Exeter Temple Message notes14th September 2014
Bible Reading: Deuteronomy 30:11-20
As we think about worship, discipleship, pastoral care, mission and service and all that is involved I wonder if we say, “It’s too hard, it sounds great but it’s beyond us.
At the end of his life, Moses spoke to the people of Israel. They had been released from slavery and come through the desert and were about to enter the Promised Land as a Covenant people, to enter into a new phase in their history, not just as a loose connection of nomadic tribes but with the hope in their hearts of becoming a settled nation, governed by laws given by God himself.And many were daunted by the thought. The phrase, “It’s too hard.” was on their lips.
We have often I have heard those same words, sometimes from people, thinking about Christianity; “It’s too hard to understand, I’m not good enough, I’m too busy and I’m alright as I am.” Or perhaps from church members in terms of worship and prayer; “We can’t agree about worship styles and everyone is too busy to pray. It’s too hard.” As for discipleship and holy living, we may have heard people say “It’s so hard, everyone is so materialistic and complacent about spiritual things.” It may be said in terms of mission and service. The world is different than it was in the New Testament, in the early days of the Army, its more secularised, more complicated, more apathetic, laws are stricter, people are more easily offended, our numbers too small and our lives more pressured. “It’s too hard”.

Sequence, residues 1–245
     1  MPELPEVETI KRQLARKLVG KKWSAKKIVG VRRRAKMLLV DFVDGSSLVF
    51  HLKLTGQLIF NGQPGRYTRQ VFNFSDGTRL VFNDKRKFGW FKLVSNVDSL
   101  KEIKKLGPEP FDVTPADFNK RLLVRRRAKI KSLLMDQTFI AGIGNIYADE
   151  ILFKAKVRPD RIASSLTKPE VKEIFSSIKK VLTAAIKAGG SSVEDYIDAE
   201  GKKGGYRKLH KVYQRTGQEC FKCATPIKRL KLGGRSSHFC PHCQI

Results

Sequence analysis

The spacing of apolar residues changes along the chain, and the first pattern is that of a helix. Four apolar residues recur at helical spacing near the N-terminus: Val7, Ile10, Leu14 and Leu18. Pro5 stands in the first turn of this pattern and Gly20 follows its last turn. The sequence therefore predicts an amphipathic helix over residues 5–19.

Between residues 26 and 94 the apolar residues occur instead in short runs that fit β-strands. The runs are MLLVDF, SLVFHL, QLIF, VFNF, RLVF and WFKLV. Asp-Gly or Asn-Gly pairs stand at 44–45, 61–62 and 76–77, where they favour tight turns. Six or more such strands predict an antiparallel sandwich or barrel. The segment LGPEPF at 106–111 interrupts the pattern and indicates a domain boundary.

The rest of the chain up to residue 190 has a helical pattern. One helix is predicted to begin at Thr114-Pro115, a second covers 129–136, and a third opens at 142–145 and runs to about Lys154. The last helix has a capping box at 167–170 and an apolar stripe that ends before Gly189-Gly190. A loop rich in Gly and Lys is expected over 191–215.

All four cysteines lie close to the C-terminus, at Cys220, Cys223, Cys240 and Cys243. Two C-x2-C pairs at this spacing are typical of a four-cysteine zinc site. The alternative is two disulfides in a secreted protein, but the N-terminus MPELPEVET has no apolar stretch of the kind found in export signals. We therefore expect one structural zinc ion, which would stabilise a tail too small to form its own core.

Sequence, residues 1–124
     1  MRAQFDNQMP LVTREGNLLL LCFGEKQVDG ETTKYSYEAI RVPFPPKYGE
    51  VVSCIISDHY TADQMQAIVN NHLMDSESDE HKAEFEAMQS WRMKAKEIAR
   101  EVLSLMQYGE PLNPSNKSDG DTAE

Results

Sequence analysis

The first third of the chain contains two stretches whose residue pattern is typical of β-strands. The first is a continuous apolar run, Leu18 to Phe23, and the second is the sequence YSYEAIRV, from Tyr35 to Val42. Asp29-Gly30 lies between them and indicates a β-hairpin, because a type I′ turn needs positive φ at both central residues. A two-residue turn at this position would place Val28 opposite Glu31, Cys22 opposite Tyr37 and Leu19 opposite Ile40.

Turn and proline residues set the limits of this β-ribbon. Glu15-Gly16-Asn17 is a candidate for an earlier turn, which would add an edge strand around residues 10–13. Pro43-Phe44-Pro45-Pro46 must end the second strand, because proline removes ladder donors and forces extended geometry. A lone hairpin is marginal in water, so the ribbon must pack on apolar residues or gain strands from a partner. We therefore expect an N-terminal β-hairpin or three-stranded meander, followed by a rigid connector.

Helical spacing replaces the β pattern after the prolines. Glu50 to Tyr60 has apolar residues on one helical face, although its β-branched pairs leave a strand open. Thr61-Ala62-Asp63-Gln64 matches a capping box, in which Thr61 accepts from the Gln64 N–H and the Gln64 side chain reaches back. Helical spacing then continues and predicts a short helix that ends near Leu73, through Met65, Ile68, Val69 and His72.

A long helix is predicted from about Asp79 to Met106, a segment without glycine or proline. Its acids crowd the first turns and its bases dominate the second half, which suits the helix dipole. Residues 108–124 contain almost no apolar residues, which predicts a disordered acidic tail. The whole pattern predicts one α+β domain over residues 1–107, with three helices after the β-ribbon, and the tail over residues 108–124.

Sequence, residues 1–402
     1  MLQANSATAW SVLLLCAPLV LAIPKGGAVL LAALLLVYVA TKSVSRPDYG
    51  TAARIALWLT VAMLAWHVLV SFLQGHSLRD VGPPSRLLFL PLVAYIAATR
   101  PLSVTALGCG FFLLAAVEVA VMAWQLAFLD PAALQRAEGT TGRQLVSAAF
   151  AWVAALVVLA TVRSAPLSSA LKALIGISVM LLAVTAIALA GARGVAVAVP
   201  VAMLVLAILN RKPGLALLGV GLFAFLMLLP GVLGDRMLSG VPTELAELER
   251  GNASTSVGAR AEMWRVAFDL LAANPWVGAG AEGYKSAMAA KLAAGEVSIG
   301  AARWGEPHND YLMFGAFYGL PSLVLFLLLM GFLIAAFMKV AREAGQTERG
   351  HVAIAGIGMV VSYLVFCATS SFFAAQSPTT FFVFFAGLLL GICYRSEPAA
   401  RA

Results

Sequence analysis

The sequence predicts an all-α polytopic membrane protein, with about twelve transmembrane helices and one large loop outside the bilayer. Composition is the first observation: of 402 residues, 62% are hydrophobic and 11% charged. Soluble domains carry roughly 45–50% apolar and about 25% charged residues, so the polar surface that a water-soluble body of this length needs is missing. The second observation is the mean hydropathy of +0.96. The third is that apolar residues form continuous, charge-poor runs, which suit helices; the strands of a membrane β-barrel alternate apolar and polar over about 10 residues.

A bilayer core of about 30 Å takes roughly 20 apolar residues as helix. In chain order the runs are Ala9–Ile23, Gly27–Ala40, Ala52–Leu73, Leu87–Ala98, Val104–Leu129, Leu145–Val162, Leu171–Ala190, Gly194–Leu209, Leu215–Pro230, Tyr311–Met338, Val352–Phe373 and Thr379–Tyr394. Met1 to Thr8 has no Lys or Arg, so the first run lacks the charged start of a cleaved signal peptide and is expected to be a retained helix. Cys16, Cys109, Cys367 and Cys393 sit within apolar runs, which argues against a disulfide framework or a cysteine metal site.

v11 “Now what I am commanding you today is not too difficult for you or beyond your reach.”
In a word the commandments, laws and expectations of God are do-able.
v12 “It is not up in heaven, so that you have to ask, “Who will ascend into heaven to get it and proclaim it to us so that we may obey it?”
God’s will is not up in the sky, it is not so airy, speculative or obscure that we cannot grasp its meaning. It is not among the secret things God has yet to reveal.
v 13 “Nor is it beyond the sea, so that you have to ask, ”Who will go across the sea to get it and proclaim it to us so that we may obey it.”
In other words you do not need to be superhuman heroes to go and fetch it.
Paul backs all this up in the New Testament.
2 Corinthians 4:6 "For God, who said, ’Let light shine out of darkness,’ made his light shine in our hearts to give us the light of the knowledge of the glory of God in the face of Christ.”
God is able to change our hearts. There is nothing too hard for God and He will not give us impossible demands.We have been considering the 5 Purposes of the church. What has been said has not been new but simply a renewed emphasis with the hope that we will find a renewed passion and commitment to see them operating among us.
1. Reason for RenewalAll of us, throughout our lives and throughout our Christian walk will need personal revival at various times, just as every person needs to take regular baths. Every church that has survived more than a generation or two will require times of revival if it is to continue to represent and serve Christ in a powerful way.
“Revival is God at work, restoring His church to health. Walter Boldt
Revival is needed when there is complacency, a religion of good works , lack of concern for the lost, hiding or covering secret sins or we are harbouring ill feeling and an unforgiving spirit towards other people; when there is pride.These are areas that affect individuals, the church, the Salvation Army and our nation. We need to look at these things, not only with our minds but ask the Holy Spirit to show us what the reality is of our spiritual health.